Four investment trusts have a record of over 50 consecutive years of dividend growth. Find out which trusts make the dividend hero league table.
One of the main advantages in an investment trust or investment company's armoury compared with open-ended funds is its ability to hold dividend reserves. This benefit is once again set to benefit income investors following the steep market falls in recent weeks.
The investment trust structure allows them to set aside 15% of their annual income for tougher times. Open-ended funds do not have this capacity, which is why investment trusts have more impressive dividend track records, with 11 boasting a record of over 40 years of dividend growth.
The structural advantage came into its own during the global financial crisis, with the majority of investment trusts either maintaining or increasing their dividends despite painful falls in payouts from the underlying companies in their portfolios. In stark contrast, the vast majority of open-ended funds cut their income payouts.
In theory, this will play out again in the current Covid-19 crisis. As our feature in the November issue of Money Observer explained, the vast majority of investment trusts that have raised dividends for 40 years or more have more than a year’s worth of dividend reserves. They therefore have the flexibility to meet any income shortfalls that may arise if there is a dividend drought following the sharp market falls.
The boards of the investment trusts could, of course, decide to still cut dividends, despite having capital squirrelled away for a rainy day, but such a move would likely upset shareholders, as they will have become accustomed to reliable dividend growth.
The most recent list of investment trust “Dividend Heroes” published annually (16 March 2020) by the Association of Investment Companies (AIC) shows that four trusts have now achieved the feat of increasing dividends for over 50 years.
City of London Investment Trust, Bankers Investment Trust and Alliance Trust are the top three dividend growers: all have increased their payouts to shareholders for 53 consecutive years. They are closely followed by Caledonia Investments in fourth place, with 52 years of dividend growth.
But it is worth noting that a focus on sustainable dividend growth does not necessarily equate to a particularly high yield. BMO Global Smaller Companies, which is in fifth place in the table with 49 years of dividend growth, only yields 1.6%, for example. Similarly, Scottish Mortgage has a low yield of 0.6%. Both trusts place a far greater emphasis on capital growth over income.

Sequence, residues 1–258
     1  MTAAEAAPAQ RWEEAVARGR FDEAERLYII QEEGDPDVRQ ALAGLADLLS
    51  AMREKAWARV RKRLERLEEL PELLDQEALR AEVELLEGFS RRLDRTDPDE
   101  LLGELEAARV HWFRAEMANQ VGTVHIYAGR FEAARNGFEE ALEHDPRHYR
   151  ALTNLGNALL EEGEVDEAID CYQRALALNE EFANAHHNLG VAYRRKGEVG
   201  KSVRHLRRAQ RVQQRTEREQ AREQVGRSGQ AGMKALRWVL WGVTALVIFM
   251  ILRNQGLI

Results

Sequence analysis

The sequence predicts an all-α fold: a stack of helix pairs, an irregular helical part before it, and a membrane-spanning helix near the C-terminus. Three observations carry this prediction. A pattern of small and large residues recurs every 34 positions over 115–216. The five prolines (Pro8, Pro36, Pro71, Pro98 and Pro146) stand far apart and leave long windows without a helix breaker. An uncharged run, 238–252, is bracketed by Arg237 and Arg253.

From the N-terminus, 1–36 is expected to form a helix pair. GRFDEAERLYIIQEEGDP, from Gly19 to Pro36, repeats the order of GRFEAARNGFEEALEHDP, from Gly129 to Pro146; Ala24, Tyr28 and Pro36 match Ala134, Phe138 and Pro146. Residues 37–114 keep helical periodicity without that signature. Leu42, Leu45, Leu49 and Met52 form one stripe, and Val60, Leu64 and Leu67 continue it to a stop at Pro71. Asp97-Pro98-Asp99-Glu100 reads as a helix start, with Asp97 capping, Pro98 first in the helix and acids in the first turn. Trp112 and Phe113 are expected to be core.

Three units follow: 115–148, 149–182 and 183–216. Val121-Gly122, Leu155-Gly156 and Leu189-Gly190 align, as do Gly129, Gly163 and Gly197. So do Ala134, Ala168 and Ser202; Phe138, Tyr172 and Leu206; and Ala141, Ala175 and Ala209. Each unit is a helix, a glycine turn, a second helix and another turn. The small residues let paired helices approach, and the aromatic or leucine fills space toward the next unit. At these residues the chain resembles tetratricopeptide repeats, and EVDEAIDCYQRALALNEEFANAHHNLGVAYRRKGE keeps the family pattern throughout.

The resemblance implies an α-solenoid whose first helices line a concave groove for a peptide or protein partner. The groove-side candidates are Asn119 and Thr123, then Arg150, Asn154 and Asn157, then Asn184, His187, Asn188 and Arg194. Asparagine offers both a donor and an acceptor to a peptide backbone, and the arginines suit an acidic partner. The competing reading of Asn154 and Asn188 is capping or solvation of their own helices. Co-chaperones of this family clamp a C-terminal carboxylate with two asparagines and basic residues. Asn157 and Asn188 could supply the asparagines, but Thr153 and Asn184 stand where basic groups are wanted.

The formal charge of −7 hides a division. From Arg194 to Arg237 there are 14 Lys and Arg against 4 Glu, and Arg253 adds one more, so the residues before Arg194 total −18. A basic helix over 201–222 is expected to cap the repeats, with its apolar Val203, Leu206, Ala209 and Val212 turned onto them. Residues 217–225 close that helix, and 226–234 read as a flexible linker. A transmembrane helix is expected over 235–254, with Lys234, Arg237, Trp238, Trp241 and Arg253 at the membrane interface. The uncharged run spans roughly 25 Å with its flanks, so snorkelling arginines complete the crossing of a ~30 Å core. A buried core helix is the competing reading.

Information on the amount of money held in an investment trust’s revenue reserve account can be obtained through the Association of Investment Companies (AIC) website: www.theaic.co.uk
The AIC’s website also offers Income Finder, a suite of tools and resources to help income-seeking investors research investment companies. Investors can build a virtual portfolio of income-paying investment companies, track dividend dates and see how much income they could have received over a year.
|Company||Sector||Number of consecutive years dividend increased|
|City of London||UK equity income||53|
|BMO Global Smaller Companies||Global||49|
|JPMorgan Claverhouse||UK equity income||46|
|Murray Income||UK equity income||46|
|Scottish American||Global equity income||40|
|Merchants Trust||UK equity income||37|
|Temple Bar||UK equity income||36|
|Value & Income||UK equity income||32|
|BMO Capital Income||UK equity income||26|
|British & American||UK equity income||24|
|Schroder Income Growth||UK equity income||24|
|Invesco Income Growth||UK equity income||22|
|Perpetual Income & Growth||UK equity income||20|
This article was originally published in our sister magazine Money Observer, which ceased publication in August 2020.
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